Following last week’s EU recommendation to approve Celltrion and Hospira’s biosimilars of Remicade (infliximab), it is high time for an evaluation of which biological products face the most potential competition from biosimilars currently in clinical development.
Using data from FirstWord’s biosimilar and biobetter database, it can be seen that Biogen Idec and Genentech’s Rituxan (rituximab) is the most popular biologic drug being targeted by developers, with 22 biosimilars currently in clinical or preclinical testing globally.
With 2012 sales of just under $6.5 billion, Rituxan is an obvious target for biosimilar developers as its EU patent is due to expire this year, while US exclusivity for the product ends in 2015. Developers of Rituxan biosimilars include industry heavyweights Pfizer and Merck & Co.
Enbrel is the second most popular target, with 17 biosimilars in current preclinical or clinical development. With sales of just under $8 billion, and expected EU patent expiry in 2016 (a submarine patent gives the product patent protection until 2028 in the US), this is another very attractive target for biosimilar developers, which include Novartis' Sandoz unit and Daiichi Sankyo.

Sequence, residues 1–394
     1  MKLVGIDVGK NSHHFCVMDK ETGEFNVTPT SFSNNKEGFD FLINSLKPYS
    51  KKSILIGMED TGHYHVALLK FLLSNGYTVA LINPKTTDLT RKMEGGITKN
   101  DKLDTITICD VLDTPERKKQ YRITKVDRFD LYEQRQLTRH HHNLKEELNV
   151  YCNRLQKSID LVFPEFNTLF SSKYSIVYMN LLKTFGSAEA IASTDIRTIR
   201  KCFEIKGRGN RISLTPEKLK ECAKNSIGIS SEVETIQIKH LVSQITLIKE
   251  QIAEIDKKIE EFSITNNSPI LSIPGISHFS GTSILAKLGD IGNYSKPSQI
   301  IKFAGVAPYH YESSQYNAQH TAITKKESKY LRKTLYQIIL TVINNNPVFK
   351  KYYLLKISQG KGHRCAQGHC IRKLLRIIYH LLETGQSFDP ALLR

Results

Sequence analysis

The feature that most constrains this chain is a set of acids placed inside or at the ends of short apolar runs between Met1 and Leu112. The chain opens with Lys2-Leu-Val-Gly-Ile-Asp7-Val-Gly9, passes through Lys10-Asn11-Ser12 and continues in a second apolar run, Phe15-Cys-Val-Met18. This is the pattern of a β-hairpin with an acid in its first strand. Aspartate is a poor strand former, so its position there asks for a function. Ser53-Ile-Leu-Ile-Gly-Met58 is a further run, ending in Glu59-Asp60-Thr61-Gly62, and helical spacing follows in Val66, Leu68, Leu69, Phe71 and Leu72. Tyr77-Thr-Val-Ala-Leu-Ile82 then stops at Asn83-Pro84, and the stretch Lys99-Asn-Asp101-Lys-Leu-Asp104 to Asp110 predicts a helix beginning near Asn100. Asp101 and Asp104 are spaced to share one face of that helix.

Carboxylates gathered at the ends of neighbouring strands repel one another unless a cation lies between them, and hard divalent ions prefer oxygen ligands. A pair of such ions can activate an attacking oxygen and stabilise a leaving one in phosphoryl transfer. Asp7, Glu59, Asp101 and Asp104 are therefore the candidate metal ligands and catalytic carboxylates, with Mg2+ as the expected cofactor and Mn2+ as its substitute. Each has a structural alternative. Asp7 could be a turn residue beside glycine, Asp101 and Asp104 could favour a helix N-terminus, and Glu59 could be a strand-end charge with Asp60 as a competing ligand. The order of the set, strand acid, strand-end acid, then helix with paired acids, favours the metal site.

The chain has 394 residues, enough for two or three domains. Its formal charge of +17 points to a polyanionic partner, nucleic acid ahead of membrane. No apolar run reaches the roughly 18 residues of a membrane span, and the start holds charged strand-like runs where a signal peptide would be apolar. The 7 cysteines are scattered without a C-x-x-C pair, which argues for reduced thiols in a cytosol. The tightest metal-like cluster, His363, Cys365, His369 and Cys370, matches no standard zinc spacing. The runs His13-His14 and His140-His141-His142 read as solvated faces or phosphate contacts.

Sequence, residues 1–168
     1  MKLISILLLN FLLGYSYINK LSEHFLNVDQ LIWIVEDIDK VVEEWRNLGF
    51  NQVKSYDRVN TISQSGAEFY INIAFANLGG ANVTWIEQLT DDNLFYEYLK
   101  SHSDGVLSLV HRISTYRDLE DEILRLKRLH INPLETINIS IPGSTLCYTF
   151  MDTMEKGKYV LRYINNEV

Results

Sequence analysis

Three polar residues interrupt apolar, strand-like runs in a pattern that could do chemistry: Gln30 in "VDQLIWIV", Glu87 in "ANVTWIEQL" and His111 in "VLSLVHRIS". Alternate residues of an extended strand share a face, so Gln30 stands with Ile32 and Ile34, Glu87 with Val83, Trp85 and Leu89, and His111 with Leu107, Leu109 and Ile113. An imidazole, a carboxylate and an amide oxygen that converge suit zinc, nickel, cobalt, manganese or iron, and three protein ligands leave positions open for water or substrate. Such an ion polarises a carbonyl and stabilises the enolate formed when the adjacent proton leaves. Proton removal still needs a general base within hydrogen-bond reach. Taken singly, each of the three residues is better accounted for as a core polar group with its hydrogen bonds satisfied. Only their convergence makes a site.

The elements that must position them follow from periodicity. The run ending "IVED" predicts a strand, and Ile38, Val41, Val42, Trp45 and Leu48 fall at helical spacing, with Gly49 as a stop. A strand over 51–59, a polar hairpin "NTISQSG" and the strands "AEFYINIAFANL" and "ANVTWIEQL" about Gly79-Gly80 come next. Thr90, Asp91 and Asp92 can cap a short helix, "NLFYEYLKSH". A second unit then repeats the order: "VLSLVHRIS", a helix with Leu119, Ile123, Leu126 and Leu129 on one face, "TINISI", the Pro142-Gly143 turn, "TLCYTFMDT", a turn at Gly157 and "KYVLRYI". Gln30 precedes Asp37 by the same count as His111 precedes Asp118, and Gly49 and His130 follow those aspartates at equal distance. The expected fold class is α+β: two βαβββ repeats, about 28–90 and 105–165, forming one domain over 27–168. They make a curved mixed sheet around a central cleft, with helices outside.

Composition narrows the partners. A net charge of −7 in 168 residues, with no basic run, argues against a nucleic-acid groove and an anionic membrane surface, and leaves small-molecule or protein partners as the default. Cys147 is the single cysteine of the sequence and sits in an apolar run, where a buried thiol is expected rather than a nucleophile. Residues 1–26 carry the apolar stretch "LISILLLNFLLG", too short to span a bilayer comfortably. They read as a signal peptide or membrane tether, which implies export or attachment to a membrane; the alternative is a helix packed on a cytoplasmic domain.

Another notable reference product to be targeted is Herceptin (trastuzumab), which has nine biosimilars in clinical or preclinical development. Pfizer is conducting Phase I trials of a Herceptin biosimilar, and with the drug losing patent protection in 2014/2015 in the EU, and in 2019 in the US, it is certainly not too early for companies to consider developing their follow-on versions of the product. Roche has already moved to introduce innovative products with which it can supplant Herceptin, namely Kadcyla (trastuzumab emtansine) and Perjeta (pertuzumab).
It is somewhat surprising that there are so few biosimilars of Humira (adalimumab) in development at present, considering it is the bestselling biologic in the world, with revenues of $9.3 billion in 2012. With EU patent expiry in 2018 preceded by US patent expiry in 2016, biosimilar developers do not have much time to prepare for the earliest possible market entry. In June 2013, Pfizer commenced a Phase I trial of its Humira biosimilar and aims to recruit 210 subjects in the US and EU. Boehringer Ingelheim is another leading pharmaceutical company developing a biosimilar version of Humira, and in late 2012 it completed its first Phase I trial of the product.
This list demonstrates that the race to market the first biosimilars of many of the most complex biologic drugs is starting to heat up, with several companies vying to launch the first follow-on versions of products in this nascent market.
Contact FIrstWord Dossier for further information on the report and data file, Charting the Biosimilar and Biobetter Development Pipeline (2013).
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